Laudatio durch Prof. em. Dr. Eckhard Bangert (Bhikkhu
Your Holiness, Mr President, esteemed colleagues, ladies and
On the occasion of the conferment of honorary doctorates it is customary to highlight a) the scientific achievements and merits of the conferee and b) as to how the conferee has been instrumental in the advancement of knowledge, education, and science. Today I have the honour – due to a necessary time-limit, though, – of just adumbrating what H.H. the Dalai Lama has done and is still doing in the best interest of Tibetology and the fields related to it. In my sketch I will first deal with the second more general aspect as mentioned, then with the first.
As for the scientific achievements and merits relating to H.H. the Dalai Lama and his ushering in a tremendous advancement of knowledge, education and, in particular, of Indo-Tibetology, one essential precondition for these facts and developments should be mentioned which, again, was due to His Holiness, namely the drafting of a constitution for the people of Tibet. He made this momentous decision fifty years ago, soon after his departure from Tibet and arrival in India, thanks to his great perception of the changing circumstances of the modern world and also having certainly been keenly aware of the historical Buddha’s preference for democratic and republican principles as can be gleaned from the canonical juridical texts pertaining to monastic discipline. Thus, it was in October 1961 that H.H. announced an outline of the principles of the Constitution, warmly welcomed by the Tibetans in India and abroad, realizing that its purpose was to give them new hope and a new conception of how Tibet should be governed in accordance with democratic rule. Then, already in 1963, Bod kyi rtsa khrims, the Constitution of Tibet, saw the light of day. I am making this specific point, remembering the fact that the Faculty of Law of Philipp’s University can boast of a venerable tradition and also with a view to bringing home the vast fields of Indology and Tibetology including, inter alia, the exploration of an impressive corpus of juridical texts the major portion of which has as yet not been scrutinized by modern scholars.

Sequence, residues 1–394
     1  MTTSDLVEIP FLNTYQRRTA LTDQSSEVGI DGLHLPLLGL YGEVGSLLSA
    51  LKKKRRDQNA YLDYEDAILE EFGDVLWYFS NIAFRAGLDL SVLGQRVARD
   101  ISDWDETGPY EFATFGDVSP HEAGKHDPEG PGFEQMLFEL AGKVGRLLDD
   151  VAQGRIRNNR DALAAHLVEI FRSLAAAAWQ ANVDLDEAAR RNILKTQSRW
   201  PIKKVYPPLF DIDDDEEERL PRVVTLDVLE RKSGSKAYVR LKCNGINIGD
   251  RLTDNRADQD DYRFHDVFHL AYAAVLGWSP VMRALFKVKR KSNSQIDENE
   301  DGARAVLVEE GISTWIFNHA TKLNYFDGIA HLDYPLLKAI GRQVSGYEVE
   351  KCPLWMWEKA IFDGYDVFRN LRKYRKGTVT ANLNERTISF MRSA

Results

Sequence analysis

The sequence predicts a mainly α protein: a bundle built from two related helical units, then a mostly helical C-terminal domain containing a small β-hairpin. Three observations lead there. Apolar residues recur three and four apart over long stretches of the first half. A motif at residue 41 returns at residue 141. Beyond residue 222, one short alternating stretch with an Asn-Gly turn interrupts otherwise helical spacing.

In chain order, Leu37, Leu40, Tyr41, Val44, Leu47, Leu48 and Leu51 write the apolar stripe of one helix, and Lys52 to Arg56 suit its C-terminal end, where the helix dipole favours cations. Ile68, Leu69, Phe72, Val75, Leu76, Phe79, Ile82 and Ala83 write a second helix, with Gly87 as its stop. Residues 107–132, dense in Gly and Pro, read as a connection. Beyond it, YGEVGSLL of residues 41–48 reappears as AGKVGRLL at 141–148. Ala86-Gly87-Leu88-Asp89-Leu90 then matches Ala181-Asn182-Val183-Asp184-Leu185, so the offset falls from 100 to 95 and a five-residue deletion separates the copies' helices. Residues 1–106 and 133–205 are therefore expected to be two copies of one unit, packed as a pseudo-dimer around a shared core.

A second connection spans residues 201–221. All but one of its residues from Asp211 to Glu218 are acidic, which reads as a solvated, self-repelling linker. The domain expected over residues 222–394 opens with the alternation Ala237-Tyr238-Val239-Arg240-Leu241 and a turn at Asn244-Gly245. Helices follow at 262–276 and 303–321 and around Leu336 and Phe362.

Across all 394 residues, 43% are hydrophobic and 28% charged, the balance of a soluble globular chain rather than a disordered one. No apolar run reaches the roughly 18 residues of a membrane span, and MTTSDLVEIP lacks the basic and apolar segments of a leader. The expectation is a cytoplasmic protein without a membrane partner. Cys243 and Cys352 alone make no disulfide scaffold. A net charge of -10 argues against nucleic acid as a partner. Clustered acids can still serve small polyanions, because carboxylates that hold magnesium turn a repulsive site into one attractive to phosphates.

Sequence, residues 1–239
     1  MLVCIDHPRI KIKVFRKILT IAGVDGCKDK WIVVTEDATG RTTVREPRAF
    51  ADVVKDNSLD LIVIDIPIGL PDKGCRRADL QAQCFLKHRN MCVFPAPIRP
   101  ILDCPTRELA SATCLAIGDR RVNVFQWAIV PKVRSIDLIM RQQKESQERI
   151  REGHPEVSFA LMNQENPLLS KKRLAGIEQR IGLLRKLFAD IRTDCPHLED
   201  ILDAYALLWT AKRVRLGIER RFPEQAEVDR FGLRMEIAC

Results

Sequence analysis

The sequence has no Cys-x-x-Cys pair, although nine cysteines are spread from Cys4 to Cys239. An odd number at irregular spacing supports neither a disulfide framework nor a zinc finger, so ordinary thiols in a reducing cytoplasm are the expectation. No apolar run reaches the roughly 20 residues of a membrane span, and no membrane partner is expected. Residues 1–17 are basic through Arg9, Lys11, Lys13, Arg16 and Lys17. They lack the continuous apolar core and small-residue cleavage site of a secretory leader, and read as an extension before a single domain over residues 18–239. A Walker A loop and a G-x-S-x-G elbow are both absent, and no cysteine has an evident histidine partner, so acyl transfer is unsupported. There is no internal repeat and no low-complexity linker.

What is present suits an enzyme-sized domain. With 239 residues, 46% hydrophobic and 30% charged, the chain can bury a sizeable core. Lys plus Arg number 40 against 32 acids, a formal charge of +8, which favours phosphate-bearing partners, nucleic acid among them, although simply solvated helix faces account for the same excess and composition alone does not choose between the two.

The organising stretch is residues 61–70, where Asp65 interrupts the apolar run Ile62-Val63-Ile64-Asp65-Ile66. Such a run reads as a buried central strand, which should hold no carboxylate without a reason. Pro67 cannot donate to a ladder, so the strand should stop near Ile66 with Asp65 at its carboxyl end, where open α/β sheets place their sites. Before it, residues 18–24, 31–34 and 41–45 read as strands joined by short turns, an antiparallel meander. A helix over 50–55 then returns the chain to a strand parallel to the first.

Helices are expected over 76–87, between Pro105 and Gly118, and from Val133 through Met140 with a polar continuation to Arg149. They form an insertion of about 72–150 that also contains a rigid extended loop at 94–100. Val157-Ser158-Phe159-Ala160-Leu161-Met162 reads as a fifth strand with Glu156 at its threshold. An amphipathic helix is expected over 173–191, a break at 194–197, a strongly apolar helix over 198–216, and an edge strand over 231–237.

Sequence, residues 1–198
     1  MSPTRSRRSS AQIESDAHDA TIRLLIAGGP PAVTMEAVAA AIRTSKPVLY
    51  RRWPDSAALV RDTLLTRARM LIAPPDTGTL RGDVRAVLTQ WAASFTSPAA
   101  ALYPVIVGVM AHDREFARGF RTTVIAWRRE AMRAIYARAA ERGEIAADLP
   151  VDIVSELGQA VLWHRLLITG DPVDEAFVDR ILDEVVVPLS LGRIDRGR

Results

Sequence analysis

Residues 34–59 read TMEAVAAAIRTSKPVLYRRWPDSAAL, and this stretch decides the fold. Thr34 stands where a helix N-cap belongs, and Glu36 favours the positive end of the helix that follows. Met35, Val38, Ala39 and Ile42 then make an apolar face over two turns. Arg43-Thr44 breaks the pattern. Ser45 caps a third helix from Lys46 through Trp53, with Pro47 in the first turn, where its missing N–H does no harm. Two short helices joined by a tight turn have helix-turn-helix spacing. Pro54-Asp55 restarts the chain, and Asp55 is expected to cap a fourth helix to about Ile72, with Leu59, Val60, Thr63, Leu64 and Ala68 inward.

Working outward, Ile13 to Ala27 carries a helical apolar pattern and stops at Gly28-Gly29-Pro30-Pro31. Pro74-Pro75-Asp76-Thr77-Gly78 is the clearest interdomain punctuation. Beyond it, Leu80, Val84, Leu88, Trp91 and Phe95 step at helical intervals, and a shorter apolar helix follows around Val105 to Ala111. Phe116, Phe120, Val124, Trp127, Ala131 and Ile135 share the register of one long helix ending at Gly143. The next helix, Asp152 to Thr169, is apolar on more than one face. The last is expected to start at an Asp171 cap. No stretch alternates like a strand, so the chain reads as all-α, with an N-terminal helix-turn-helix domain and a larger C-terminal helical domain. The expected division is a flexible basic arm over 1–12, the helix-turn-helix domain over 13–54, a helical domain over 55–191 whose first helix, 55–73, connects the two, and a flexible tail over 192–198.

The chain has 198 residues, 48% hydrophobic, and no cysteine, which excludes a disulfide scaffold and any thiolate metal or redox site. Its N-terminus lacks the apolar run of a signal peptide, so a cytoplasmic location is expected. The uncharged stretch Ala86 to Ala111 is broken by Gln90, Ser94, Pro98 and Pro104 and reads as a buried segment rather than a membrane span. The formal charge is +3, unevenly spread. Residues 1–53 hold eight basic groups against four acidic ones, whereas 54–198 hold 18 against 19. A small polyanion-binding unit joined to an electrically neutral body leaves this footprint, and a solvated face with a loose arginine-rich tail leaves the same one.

Living in exile, ever since his arrival in India it has been His Holiness' primary concern to do everything for the preservation of the Tibetan language and culture, strongly supported by a Tibetan élite and also insightful Indian authorities. In the early sixties of the last century a considerable number of Tibetan scholars and students entered Indian universities and research institutes, others also such institutions abroad, mastering foreign languages and acquainting themselves with modern methods of teaching and learning. Also in the sixties the Council of Cultural and Religious Affairs of H.H. the Dalai Lama was set up at Dharamsala mainly for the purpose of providing education – both traditional and modern – together with the prerequisite study tools such as textbooks, manuals on the art of debate or doxographic compendia for advanced students.
A milestone in His Holiness' efforts to maintain and promote Tibetan culture was his founding the Library of Tibetan Works and Archives in 1971. In the course of time the Library has been seeing multifarious activities such as, for instance, safeguarding Tibetan manuscripts and books brought from the Land of Snows or pieces of religious art, the publication of philosophical treatises, of their English translations, public lecture series, Tibetan language classes for foreigners, etc. Three achievements under the aegis of the Library of Tibetan Works and Archives – from among many others – should be singled out:
a) An excellent Tibetan-English Dictionary of Buddhist Terminology (Dharamsala, 1986, revised editions 1993, 2003), a mine of information not only in regard to soteriology, but also psychology and chiefly 'critical philosophy';
b) the preservation of a unique manuscript collection of the Tibetan Kanjur, i.e. the Phug-brag Manuscript Kanjur, one of the Library’s most valuable treasures, which has been microfilmed at Dharamsala and a catalogue of which was brought out in 1992;